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Exploiting XSS - Injecting into Tag Attributes

In our article "Exploiting XSS - Injecting in to Direct HTML" we started to explore the concept of exploiting XSS in various contexts by identifying the syntactic context of the response. In this article we demonstrate some methods of modifying your input when injecting in to various Tag Attributes.

By modifying your input appropriately, you can help ensure that the JavaScript included in your payload is executed as intended.

The example uses a version of “Mutillidae” taken from OWASP’s Broken Web Application Project. Find out how to download, install and use this project. The page used is the XSS Document view page; you can access this page from the vulnerabilities console.

Tag Attribute

Suppose that after inputting a benign string (asdfghjkl) to each entry point in an application, the returned page contains the following:

<tag attribute="asdfghjkl" name="example" value="1">

 

 

One obvious way to craft an XSS exploit is to terminate the double quotation marks that enclose the attribute value, close the attribute tag, and then employ some means of introducing JavaScript, such as a script tag. For example:

"><script>alert(document.domain)</script>

 

Check that the payload appears unmodified in the response, before testing the exploit in your browser.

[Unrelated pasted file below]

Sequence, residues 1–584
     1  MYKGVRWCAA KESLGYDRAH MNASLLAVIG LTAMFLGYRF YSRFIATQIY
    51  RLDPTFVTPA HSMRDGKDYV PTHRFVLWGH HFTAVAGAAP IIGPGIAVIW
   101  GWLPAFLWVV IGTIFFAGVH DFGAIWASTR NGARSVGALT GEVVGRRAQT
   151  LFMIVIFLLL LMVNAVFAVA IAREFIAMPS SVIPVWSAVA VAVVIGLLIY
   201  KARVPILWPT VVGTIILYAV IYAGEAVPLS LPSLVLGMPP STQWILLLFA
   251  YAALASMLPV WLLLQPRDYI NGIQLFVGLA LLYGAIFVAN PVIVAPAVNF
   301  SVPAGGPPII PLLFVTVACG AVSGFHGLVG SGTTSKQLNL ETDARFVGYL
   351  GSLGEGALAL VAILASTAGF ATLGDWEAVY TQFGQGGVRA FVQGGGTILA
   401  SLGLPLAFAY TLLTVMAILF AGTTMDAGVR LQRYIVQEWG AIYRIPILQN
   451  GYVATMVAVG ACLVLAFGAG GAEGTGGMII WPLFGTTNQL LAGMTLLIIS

You can use Burp's "Request in browser" function to perform this check.

 

If your exploit has executed correctly your browser should render a pop-up alert.

 

Event Handlers

An alternative method in this situation, which may bypass certain input filters, is to remain within the attribute tag itself but inject an event handler containing JavaScript. For example:

" onload="alert(1)

 

In this example we can see that the JavaScript executes without requiring any user interaction.

Numerous event handlers can be used with various tags to cause a script to execute. Another example that requires no user interaction is:

<xml onreadystatechange=alert(1)>

 

Hidden Input

XSS in hidden inputs is frequently very difficult to exploit because typical JavaScript events like onmouseover and onfocus can't be triggered due to the element being invisible.

However, with some user interaction it is possible to execute an XSS payload. You can read more about this technique on our blog post - XSS in Hidden Input Fields.